What You Need to Know about Celiac Disease

By: Alice Bast, President & Chief Executive Officer, Beyond Celiac

May is Celiac Awareness Month. In celebration, Beyond Celiac invites everyone to learn more about this serious autoimmune disease and help those currently suffering. Celiac disease is an autoimmune disorder that affects approximately 1% of the US population, or over 3.1 million people. Yet many remain undiagnosed. Undiagnosed and untreated, celiac disease causes damage to the small intestine and can lead to a range of symptoms including diarrhea, abdominal pain, infertility, anemia, and even certain cancers.

It is important to be aware of the symptoms and seek medical attention if you suspect you may have celiac disease.

Symptoms of celiac disease include:

  • Anemia
  • Anxiety
  • Bloating
  • Brain fog
  • Delayed growth
  • Depression
  • Diarrhea
  • Discolored teeth
  • Fatigue
  • Infertility
  • Joint pain
  • Tingling
  • See more signs and symptoms

Almost all systems and parts of the body can be affected by celiac disease. As a result, it is a bit of a clinical chameleon that wears many disguises. Knowing when to undergo testing can be difficult largely because the symptoms often mimic those of other diseases, including irritable bowel syndrome (IBS), Crohn’s disease, intestinal infections, lactose intolerance, and depression. Simple blood tests are the first step in the diagnosis of celiac disease. A doctor will order one or more of a series of blood tests to measure the body’s response to gluten. If positive, an endoscopic biopsy will be performed.

Currently, the only treatment for celiac disease is a strict, lifelong gluten-free diet, which can be challenging, burdensome, and expensive. Even small amounts of gluten can cause damage to the small intestine, leading to digestive issues and nutrient deficiencies. Many patients report that the diet lessens their quality of life, making it difficult to travel, go to school, go out to eat or participate in everyday activities and celebrations. They also deal with judgment from those who think the diet is just a fad, instead of a necessary medical treatment.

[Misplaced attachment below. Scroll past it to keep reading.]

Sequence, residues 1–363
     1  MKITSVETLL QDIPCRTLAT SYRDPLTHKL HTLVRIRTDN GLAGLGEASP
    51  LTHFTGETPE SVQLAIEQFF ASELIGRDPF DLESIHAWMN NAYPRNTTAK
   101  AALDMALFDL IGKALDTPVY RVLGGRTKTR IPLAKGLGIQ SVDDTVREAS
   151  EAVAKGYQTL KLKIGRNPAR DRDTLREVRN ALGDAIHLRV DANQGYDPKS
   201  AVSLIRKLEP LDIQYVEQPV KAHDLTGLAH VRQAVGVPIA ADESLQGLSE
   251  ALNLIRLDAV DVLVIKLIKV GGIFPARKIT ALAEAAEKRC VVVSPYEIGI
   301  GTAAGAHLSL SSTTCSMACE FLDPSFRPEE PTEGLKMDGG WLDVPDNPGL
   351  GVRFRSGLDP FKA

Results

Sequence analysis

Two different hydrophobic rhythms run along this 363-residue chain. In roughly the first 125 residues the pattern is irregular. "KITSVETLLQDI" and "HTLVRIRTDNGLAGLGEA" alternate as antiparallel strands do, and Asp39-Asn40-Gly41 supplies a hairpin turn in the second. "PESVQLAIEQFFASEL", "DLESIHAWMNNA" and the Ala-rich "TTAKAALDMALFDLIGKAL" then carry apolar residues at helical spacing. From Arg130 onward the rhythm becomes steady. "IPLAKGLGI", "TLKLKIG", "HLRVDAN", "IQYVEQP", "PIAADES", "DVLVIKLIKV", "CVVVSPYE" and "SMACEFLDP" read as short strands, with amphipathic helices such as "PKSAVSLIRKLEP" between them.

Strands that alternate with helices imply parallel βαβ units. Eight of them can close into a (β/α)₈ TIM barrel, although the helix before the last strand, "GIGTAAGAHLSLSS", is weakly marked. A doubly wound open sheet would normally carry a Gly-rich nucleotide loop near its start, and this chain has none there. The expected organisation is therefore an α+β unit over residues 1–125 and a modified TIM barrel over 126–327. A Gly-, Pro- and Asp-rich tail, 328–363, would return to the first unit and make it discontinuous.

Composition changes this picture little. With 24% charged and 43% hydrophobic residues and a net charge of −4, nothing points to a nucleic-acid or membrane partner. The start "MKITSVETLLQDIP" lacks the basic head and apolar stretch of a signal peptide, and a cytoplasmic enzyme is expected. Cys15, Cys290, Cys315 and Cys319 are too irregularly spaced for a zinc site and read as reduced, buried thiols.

Research into celiac disease is ongoing, and there is a need for real treatments and a cure. The mission of Beyond Celiac is to accelerate treatments and a cure for celiac disease because research, and our community, have determined that the gluten-free diet is not enough. There are several clinical trials underway to develop treatments for celiac disease. One way someone with celiac disease can help others in their community is to participate in a trial to help move the research forward.

Another way to get involved is to donate to celiac disease research and advocate for more funding and increased awareness and understanding of the disease among health care professionals and the general public. Greater awareness of celiac disease can help people get diagnosed and prevent further complications and improve quality of life.

Celiac Disease Resources

Living with celiac disease can be challenging, and it is essential to have a support system. Beyond Celiac is here to help. By working together and raising awareness and funds for research, we can help increase understanding of this disease and ultimately find a cure.

About Beyond Celiac

Since 2003, Beyond Celiac has been the leading patient advocacy and research-driven celiac disease organization working to drive diagnosis, advance research and accelerate the discovery of new treatments and a cure.

By engaging with the top scientists in the field, awarding research grants, and supporting the community, Beyond Celiac envisions a world in which people with celiac disease can live healthy lives and eat without fear – a world Beyond Celiac

Beyond Celiac is a member of the National Health Council. For more information on NHC membership, please email membership@nhcouncil.org.